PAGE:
While fans have never chanted Ron Kyle’s name at a concert or lined up outside the local record store to purchase Kyle’s latest single, millions of music listeners are familiar with his work—they just don’t realize it. Kyle’s efforts behind-the-scenes in show business have helped catapult numerous entertainers into the spotlight, earning playing time for their albums and securing major venues for their performances through his record and concert promotions.
As a young boy growing up in Chester, Pa., Kyle was fascinated by the entertainment industry, but he never could have imagined the type of career he would go on to have.
Kyle might be using a bit of hyperbole, but he’s not far off. He’s hung with the Rat Pack, rubbed elbows with Elvis, and had dinner with various members of the Beatles. His illustrious career kicked off in 1966, when his uncle first got him started in the field.
“My whole life’s been entertainment,” Kyle explained. “My mother, when she was a young girl, sang with big bands. She sang with Duke Ellington, Paul Whiteman and Count Basie. My uncle Tony, my mother’s brother, he was my mentor. He had various shows in Vegas for years. When I graduated from Goldey-Beacom University, he said to me, ‘Ron, I want to keep it in the family. Why don’t you come to Vegas and I’ll show you the ropes?’”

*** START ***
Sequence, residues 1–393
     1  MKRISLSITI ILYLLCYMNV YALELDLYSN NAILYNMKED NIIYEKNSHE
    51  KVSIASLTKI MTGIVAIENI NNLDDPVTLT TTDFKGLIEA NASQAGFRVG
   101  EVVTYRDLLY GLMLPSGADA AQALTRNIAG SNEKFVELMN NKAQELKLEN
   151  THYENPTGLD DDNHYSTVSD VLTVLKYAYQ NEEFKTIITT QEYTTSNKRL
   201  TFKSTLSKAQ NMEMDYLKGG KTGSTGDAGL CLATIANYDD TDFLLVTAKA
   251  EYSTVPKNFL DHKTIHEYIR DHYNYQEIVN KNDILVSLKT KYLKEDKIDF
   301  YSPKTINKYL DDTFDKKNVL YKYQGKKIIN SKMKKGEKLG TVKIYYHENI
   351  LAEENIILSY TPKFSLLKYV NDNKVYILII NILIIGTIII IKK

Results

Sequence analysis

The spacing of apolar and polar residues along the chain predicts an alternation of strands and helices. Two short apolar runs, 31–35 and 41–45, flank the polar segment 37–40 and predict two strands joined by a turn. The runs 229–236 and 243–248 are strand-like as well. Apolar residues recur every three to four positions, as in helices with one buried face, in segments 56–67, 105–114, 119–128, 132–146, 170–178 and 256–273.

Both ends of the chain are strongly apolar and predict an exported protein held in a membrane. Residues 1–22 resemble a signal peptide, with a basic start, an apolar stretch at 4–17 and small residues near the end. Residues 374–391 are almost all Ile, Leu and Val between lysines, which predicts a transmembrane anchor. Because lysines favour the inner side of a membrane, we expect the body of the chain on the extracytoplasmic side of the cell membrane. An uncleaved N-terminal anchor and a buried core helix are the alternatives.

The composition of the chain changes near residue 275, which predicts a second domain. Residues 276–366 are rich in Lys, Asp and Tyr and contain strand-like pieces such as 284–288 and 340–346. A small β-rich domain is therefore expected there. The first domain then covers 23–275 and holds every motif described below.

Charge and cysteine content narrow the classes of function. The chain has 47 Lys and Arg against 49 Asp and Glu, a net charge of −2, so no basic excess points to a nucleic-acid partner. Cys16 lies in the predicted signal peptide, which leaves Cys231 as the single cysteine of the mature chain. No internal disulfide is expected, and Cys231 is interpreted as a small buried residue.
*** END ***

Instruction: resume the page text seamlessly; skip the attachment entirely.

Kyle was happy to oblige, and before he knew it, he was producing his own lounge act in Las Vegas.
“I became friends with everybody out there,” Kyle said. “I did extremely well.”
After four years, his career in Sin City was cut short when he was drafted by the Army. He headed back East, landing at Fort Dix. After he served his time in the Army, Kyle decided to bring a little bit of Vegas to the East Coast.
“I settled in Jersey and I became a licensed theatrical agent,” he said. “Coming from the showplace of the world, Las Vegas, and I say this with humbleness, but it was elementary. I started producing shows here and they went extremely well. With Vegas being the showplace of the world, what better training can you get?”
Kyle, who lived in Medford Lakes for 32 years, worked mostly with local acts in the tri-state area, but also put together a number of successful shows in Atlantic City with big-name performers such as Fats Domino, Hall & Oates, and Chuck Berry. Soon enough, his reputation started to grow, and Kyle found himself being asked to promote records.
“Back then, radio made artists,” Kyle explained. “The only way you could get exposure back then was through radio.”